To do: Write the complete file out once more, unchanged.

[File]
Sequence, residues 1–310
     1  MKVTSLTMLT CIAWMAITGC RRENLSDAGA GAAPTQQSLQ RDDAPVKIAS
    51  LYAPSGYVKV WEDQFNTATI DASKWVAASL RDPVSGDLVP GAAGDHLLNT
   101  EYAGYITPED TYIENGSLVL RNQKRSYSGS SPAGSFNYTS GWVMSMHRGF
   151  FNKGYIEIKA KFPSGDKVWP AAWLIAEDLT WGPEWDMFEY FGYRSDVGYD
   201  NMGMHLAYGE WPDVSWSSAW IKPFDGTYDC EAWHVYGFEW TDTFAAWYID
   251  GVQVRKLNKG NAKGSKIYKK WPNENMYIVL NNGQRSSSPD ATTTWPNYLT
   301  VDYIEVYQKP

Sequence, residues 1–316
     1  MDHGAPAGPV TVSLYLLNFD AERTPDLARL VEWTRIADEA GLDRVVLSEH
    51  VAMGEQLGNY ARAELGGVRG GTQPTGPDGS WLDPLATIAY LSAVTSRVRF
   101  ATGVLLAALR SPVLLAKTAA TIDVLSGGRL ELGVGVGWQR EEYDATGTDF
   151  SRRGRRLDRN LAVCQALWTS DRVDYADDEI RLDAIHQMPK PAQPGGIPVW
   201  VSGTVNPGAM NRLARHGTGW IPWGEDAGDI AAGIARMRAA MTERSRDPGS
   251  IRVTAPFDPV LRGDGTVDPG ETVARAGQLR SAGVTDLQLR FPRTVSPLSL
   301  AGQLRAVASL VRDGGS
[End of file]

Sequence, residues 1–310
     1  MKVTSLTMLT CIAWMAITGC RRENLSDAGA GAAPTQQSLQ RDDAPVKIAS
    51  LYAPSGYVKV WEDQFNTATI DASKWVAASL RDPVSGDLVP GAAGDHLLNT
   101  EYAGYITPED TYIENGSLVL RNQKRSYSGS SPAGSFNYTS GWVMSMHRGF
   151  FNKGYIEIKA KFPSGDKVWP AAWLIAEDLT WGPEWDMFEY FGYRSDVGYD
   201  NMGMHLAYGE WPDVSWSSAW IKPFDGTYDC EAWHVYGFEW TDTFAAWYID
   251  GVQVRKLNKG NAKGSKIYKK WPNENMYIVL NNGQRSSSPD ATTTWPNYLT
   301  VDYIEVYQKP

Sequence, residues 1–316
     1  MDHGAPAGPV TVSLYLLNFD AERTPDLARL VEWTRIADEA GLDRVVLSEH
    51  VAMGEQLGNY ARAELGGVRG GTQPTGPDGS WLDPLATIAY LSAVTSRVRF
   101  ATGVLLAALR SPVLLAKTAA TIDVLSGGRL ELGVGVGWQR EEYDATGTDF
   151  SRRGRRLDRN LAVCQALWTS DRVDYADDEI RLDAIHQMPK PAQPGGIPVW
   201  VSGTVNPGAM NRLARHGTGW IPWGEDAGDI AAGIARMRAA MTERSRDPGS
   251  IRVTAPFDPV LRGDGTVDPG ETVARAGQLR SAGVTDLQLR FPRTVSPLSL
   301  AGQLRAVASL VRDGGS